As more and more breweries are reviewed by cities, the aggregated experience of these officials is being incrementally and increasingly applied in each community. Sometimes it’s for the betterment of the overall facility with realistic and appreciable steps for health safety and public welfare. Other times it feels more like annoying red tape from ineffective or unnecessary policies being misapplied to projects of different scales or context.
As the rules to follow slowly (or quickly) shift in each municipality, it becomes imperative for the design and engineering teams to be in tune with the most recent regulations. Ideally this knowledge is built into the design conversations early to avoid last minute changes (hopefully without losing necessary space or too much increased cost); or even better, the design team is aware of reasonable arguments that can be in explaining what makes a brewery different than a bar, restaurant, distillery, etc. We often see misunderstood measures applied to a new project that can cost tens of thousands of dollars or more. This is all the more reason to develop a relationship with code officials before submitting for permit because there are degrees of subjectivity and there are key words to avoid in plans and applications.
Every jurisdiction maybe a little different but they are all, for the most part, using similar versions of the same code with some local layers put in top. Here’s some common examples where confusion occurs:
Most people know by now what not to call the mill room...”the mill room”. Grain Crush or even better, Grain Cracking, are better and more appropriate terms.
We’ve seen a community require a grease trap for a brewery. There was no kitchen. I won’t get started on that logic.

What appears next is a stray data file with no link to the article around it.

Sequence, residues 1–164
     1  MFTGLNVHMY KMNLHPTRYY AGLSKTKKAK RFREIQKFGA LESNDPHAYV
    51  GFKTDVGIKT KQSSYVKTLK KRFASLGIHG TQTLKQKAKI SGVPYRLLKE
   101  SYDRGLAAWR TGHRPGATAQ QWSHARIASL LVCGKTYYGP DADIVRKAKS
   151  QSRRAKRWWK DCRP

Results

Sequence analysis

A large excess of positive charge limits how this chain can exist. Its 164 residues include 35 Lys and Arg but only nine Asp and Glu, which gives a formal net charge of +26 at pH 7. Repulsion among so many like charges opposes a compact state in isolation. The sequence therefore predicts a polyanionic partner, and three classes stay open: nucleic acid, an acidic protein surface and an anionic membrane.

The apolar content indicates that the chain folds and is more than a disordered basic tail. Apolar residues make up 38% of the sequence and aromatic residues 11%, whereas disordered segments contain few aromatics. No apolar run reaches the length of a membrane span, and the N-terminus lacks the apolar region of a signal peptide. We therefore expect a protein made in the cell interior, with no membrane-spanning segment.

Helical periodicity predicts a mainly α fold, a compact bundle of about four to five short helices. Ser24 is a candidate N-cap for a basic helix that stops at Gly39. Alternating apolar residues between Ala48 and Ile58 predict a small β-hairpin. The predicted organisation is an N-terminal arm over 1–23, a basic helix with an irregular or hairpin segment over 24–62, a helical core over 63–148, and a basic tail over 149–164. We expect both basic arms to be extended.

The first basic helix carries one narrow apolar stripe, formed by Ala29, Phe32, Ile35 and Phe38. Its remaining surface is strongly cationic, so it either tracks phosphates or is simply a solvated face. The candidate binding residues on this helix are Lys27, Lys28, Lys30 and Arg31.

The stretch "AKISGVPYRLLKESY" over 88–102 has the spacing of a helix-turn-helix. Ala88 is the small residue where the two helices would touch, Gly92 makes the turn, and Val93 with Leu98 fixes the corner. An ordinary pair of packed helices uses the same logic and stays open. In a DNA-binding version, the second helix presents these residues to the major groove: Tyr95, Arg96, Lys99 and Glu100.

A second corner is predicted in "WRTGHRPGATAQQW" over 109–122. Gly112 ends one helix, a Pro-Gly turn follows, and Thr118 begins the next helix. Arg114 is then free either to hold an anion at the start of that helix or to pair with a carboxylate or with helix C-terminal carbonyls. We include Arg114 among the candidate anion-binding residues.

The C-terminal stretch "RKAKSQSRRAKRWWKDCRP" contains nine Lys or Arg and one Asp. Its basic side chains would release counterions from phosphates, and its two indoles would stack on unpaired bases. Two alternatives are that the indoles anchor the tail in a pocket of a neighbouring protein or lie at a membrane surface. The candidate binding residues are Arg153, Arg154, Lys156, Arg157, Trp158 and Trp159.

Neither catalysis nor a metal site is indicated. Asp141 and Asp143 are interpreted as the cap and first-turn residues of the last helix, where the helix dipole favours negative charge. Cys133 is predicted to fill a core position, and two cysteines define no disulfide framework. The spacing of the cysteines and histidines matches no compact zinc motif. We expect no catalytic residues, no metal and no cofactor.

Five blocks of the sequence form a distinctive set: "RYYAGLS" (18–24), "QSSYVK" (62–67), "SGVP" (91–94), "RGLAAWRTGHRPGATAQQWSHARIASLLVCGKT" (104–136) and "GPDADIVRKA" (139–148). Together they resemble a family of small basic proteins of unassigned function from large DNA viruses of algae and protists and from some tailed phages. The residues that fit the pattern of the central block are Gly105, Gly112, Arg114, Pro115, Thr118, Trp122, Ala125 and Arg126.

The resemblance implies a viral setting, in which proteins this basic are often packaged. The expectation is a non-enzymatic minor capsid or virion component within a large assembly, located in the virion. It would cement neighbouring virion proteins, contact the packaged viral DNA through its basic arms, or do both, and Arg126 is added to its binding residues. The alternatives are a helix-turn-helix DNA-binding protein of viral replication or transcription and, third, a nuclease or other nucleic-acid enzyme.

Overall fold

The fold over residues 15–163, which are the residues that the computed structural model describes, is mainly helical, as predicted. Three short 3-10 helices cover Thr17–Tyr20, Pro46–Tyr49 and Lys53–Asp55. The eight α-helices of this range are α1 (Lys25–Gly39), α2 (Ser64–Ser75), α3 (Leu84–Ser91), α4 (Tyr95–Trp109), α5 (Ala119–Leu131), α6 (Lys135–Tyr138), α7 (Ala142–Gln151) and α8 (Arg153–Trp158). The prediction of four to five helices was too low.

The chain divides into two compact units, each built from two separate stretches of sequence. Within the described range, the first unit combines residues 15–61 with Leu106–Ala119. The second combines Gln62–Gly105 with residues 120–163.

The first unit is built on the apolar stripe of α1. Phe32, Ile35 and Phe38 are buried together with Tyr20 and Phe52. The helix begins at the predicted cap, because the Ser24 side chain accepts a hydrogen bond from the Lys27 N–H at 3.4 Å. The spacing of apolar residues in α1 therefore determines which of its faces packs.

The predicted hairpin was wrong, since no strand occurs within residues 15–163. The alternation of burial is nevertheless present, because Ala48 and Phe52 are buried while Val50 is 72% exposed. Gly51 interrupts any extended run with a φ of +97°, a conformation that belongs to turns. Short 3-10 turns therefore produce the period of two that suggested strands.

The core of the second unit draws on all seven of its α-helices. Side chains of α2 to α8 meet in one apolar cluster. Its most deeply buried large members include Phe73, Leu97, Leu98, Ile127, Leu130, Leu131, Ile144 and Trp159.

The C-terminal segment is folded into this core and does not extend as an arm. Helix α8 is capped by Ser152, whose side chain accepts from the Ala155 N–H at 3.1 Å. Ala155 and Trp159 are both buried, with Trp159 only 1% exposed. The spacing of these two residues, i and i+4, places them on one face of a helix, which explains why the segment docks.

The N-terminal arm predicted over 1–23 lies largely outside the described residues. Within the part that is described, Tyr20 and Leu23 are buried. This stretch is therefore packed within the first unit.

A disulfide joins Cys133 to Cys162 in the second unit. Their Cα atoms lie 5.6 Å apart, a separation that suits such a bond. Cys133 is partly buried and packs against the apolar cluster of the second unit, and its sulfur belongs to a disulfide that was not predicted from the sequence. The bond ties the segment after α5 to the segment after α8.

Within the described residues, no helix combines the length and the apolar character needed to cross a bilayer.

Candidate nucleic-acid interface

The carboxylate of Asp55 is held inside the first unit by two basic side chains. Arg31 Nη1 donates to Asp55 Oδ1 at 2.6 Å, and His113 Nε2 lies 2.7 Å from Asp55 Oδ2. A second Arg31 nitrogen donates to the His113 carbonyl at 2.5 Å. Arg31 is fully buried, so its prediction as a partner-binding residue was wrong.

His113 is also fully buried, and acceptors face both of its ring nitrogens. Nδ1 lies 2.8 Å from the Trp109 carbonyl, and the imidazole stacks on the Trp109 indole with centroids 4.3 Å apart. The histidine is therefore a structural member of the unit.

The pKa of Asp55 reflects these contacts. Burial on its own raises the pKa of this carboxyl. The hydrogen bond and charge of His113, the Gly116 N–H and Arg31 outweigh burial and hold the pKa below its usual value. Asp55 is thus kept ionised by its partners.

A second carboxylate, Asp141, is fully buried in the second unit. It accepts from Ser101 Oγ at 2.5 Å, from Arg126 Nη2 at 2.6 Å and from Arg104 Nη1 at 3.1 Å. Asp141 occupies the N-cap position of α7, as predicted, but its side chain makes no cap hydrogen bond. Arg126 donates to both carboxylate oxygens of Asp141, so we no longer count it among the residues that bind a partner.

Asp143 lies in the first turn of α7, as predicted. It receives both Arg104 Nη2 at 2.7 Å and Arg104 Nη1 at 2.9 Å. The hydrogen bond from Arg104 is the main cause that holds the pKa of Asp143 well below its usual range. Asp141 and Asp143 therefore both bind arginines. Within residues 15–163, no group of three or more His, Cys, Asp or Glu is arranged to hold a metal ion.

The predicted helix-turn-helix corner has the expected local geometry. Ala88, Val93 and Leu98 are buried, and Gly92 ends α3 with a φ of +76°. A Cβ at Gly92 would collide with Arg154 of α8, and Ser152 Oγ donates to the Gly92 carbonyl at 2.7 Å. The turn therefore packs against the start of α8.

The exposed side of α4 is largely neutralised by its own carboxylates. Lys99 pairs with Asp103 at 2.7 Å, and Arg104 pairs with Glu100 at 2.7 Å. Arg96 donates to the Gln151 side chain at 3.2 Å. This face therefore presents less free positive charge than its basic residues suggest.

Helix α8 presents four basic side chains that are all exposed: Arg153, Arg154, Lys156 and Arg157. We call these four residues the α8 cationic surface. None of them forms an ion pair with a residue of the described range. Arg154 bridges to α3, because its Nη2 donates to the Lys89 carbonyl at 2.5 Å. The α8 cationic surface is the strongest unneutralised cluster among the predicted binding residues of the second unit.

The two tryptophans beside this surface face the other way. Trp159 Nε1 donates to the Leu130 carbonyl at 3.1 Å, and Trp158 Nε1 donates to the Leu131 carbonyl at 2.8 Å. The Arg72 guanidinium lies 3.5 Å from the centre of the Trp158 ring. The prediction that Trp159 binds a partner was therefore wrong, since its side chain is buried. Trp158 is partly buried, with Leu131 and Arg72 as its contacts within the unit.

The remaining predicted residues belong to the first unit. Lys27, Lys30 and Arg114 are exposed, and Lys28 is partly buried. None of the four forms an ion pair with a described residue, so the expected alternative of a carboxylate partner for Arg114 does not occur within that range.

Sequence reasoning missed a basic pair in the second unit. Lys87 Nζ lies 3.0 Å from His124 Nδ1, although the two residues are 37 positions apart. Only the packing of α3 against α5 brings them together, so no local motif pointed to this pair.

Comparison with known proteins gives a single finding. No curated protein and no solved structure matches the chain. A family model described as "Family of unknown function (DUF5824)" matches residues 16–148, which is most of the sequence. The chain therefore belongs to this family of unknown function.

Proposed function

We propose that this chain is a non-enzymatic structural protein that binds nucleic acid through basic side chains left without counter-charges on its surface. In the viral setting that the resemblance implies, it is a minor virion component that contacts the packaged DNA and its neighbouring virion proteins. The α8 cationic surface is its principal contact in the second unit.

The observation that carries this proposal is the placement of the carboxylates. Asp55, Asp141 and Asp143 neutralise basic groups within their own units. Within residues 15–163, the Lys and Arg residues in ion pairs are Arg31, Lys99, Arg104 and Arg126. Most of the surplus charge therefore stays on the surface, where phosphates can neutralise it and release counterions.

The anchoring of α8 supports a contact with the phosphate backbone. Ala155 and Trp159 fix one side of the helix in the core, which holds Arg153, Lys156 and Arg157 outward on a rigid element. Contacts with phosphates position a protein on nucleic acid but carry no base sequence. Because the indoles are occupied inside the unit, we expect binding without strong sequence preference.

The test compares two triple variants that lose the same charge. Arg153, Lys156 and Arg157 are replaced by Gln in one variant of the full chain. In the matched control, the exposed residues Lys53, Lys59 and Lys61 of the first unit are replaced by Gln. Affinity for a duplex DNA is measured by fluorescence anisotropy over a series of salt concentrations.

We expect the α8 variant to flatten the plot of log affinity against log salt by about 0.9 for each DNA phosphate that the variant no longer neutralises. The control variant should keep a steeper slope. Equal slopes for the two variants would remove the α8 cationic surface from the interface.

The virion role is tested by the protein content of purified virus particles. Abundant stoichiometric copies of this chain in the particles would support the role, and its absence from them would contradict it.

Process waste is becoming a much bigger deal for industrial waste departments. Having a professional and brewer seasoned in the best practices of how to handle and describe what is cleaned, how it’s cleaned, release protocols, etc, can save considerable construction and equipment costs. In addition it can save potentially wasted space before containment systems may ever be truly necessary. When a city has issues at the treatment plant they are going to be quick to universally apply, possibly good intentioned, but ineffective standards on your brewery.
Health department and state health codes require washable and cleanable surfaces around, and more specifically above, areas you wouldn’t expect such as the canning line and production area 3 comp sinks. Yes...many breweries are required to have 3 comp sinks potentially redundant to anything in a lab area. Failure to plan for these hard surfaces potentially high above these areas can be annoying “adds” and might be in conflict with process piping or other features. Also, the color of these surfaces matters as well.
RPZ’s are required at many glass rinse stations and can add a couple $1000 to a budget. There are simple cost saving measures here for $75/each with adjustable stand off depressors.
“Required” spacing between tanks or between tanks and walls for fire department access.
The list of areas that regulations (even the necessary ones) can add in cost continues to grow even when the construction budgets stay the same. Working thru a list of cost saving measures related to these type of items early can focus the design team’s efforts in what’s truly necessary and build trust as well with the code officials.
Nobody is trying to be the bad apple that causes increased standards for everyone that follows. It’s important to share best practice to make sure we are helping cities better understand the brewery process. In addition it’s equally as important for local guilds to work and advocate with city officials on being up to date with forthcoming code changes as no one needs or wants surprises at the end. This knowledge could then be proactively shared with the brewing community and code officials know they have willing partners in protecting the public.